Nanoliter-scale protein crystallization and screening with a microfluidic droplet robot.
ABSTRACT: Large-scale screening of hundreds or even thousands of crystallization conditions while with low sample consumption is in urgent need, in current structural biology research. Here we describe a fully-automated droplet robot for nanoliter-scale crystallization screening that combines the advantages of both automated robotics technique for protein crystallization screening and the droplet-based microfluidic technique. A semi-contact dispensing method was developed to achieve flexible, programmable and reliable liquid-handling operations for nanoliter-scale protein crystallization experiments. We applied the droplet robot in large-scale screening of crystallization conditions of five soluble proteins and one membrane protein with 35-96 different crystallization conditions, study of volume effects on protein crystallization, and determination of phase diagrams of two proteins. The volume for each droplet reactor is only ca. 4-8?nL. The protein consumption significantly reduces 50-500 fold compared with current crystallization stations.
Project description:This paper describes a microfluidic approach to perform multiplexed nanoliter-scale experiments by combining a sample with multiple different reagents, each at multiple mixing ratios. This approach employs a user-loaded, equipment-free SlipChip. The mixing ratios, characterized by diluting a fluorescent dye, could be controlled by the volume of each of the combined wells. The SlipChip design was validated on an approximately 12 nL scale by screening the conditions for crystallization of glutaryl-CoA dehydrogenase from Burkholderia pseudomallei against 48 different reagents; each reagent was tested at 11 different mixing ratios, for a total of 528 crystallization trials. The total consumption of the protein sample was approximately 10 microL. Conditions for crystallization were successfully identified. The crystallization experiments were successfully scaled up in well plates using the conditions identified in the SlipChip. Crystals were characterized by X-ray diffraction and provided a protein structure in a different space group and at a higher resolution than the structure obtained by conventional methods. In this work, this user-loaded SlipChip has been shown to reliably handle fluids of diverse physicochemical properties, such as viscosities and surface tensions. Quantitative measurements of fluorescent intensities and high-resolution imaging were straighforward to perform in these glass SlipChips. Surface chemistry was controlled using fluorinated lubricating fluid, analogous to the fluorinated carrier fluid used in plug-based crystallization. Thus, we expect this approach to be valuable in a number of areas beyond protein crystallization, especially those areas where droplet-based microfluidic systems have demonstrated successes, including measurements of enzyme kinetics and blood coagulation, cell-based assays, and chemical reactions.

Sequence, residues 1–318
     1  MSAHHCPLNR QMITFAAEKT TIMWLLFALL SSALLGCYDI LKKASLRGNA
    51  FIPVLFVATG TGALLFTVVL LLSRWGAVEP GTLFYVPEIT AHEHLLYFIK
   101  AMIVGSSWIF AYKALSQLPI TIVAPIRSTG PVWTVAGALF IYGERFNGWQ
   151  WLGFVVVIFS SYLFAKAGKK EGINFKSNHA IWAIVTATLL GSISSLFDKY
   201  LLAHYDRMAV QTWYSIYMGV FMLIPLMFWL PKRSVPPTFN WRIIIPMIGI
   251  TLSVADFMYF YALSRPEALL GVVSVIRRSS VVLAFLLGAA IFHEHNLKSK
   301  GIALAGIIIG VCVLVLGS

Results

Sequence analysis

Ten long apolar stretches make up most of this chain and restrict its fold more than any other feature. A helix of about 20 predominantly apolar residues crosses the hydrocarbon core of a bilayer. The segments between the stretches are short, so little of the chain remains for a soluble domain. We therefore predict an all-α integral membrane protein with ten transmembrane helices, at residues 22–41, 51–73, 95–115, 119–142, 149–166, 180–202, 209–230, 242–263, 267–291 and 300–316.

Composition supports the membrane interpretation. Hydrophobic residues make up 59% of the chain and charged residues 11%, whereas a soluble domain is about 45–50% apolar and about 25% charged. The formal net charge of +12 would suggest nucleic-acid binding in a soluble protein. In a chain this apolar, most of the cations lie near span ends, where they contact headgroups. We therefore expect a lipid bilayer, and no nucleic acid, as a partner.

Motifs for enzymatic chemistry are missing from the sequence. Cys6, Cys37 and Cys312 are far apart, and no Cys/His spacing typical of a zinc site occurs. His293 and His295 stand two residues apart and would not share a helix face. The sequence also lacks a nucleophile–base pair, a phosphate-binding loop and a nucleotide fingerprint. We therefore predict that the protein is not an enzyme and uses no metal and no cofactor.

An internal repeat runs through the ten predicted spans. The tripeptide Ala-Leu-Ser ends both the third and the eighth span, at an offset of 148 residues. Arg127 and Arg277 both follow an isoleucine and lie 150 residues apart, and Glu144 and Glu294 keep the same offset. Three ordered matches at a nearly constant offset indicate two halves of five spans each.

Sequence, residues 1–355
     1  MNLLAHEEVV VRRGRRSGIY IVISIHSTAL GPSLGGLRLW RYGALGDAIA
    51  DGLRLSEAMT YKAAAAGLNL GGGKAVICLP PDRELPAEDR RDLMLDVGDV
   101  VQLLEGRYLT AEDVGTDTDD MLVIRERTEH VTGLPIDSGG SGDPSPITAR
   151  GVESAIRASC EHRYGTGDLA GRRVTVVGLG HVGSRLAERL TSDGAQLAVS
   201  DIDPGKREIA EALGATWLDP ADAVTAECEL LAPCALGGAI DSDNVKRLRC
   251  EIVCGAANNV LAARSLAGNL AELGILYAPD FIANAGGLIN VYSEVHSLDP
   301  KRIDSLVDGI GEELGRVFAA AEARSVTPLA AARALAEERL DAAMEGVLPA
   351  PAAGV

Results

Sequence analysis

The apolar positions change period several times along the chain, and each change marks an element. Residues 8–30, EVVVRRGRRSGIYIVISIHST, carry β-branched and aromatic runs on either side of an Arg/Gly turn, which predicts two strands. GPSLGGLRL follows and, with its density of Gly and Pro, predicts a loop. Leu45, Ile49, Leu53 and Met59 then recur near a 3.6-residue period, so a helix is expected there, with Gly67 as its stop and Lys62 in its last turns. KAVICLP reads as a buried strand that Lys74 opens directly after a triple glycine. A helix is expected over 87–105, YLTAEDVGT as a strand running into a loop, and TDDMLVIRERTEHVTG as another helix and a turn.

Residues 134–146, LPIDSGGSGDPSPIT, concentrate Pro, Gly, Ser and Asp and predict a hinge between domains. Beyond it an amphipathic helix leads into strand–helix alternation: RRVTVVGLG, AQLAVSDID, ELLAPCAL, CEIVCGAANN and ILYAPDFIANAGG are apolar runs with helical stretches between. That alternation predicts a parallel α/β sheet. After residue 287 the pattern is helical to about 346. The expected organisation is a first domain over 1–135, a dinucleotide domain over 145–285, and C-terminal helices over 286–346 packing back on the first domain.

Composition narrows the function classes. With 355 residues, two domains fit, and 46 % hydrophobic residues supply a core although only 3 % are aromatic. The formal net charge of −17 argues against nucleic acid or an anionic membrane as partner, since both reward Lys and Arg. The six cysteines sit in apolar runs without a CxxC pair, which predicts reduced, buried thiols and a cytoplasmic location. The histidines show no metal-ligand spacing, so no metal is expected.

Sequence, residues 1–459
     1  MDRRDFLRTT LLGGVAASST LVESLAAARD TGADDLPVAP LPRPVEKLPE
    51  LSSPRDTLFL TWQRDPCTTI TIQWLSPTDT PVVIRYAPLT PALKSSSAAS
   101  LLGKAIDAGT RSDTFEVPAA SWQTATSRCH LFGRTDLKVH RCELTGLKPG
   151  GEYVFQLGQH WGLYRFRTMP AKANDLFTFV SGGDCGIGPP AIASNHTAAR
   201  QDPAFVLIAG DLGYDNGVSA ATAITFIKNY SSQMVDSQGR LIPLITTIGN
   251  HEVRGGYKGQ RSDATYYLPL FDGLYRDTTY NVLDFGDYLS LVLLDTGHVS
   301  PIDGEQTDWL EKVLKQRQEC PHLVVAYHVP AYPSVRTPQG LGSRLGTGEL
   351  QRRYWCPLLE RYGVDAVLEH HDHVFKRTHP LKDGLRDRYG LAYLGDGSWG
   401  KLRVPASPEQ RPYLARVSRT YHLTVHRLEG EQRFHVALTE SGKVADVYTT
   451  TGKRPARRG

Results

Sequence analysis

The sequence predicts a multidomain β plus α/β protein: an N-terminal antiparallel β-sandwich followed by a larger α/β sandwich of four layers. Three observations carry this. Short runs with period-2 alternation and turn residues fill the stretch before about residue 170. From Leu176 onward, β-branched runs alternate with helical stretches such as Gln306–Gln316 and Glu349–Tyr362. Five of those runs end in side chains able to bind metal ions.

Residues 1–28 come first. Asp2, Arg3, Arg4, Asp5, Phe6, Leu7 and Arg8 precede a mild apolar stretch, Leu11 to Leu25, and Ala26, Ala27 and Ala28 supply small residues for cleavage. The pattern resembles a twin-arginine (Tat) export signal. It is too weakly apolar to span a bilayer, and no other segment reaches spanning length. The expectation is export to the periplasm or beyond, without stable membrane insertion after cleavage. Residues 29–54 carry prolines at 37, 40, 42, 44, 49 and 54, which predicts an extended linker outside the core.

Project description:Combinatorial drug treatment strategies perturb biological networks synergistically to achieve therapeutic effects and represent major opportunities to develop advanced treatments across a variety of human disease areas. However, the discovery of new combinatorial treatments is challenged by the sheer scale of combinatorial chemical space. Here, we report a high-throughput system for nanoliter-scale phenotypic screening that formulates a chemical library in nanoliter droplet emulsions and automates the construction of chemical combinations en masse using parallel droplet processing. We applied this system to predict synergy between more than 4,000 investigational and approved drugs and a panel of 10 antibiotics against Escherichia coli, a model gram-negative pathogen. We found a range of drugs not previously indicated for infectious disease that synergize with antibiotics. Our validated hits include drugs that synergize with the antibiotics vancomycin, erythromycin, and novobiocin, which are used against gram-positive bacteria but are not effective by themselves to resolve gram-negative infections.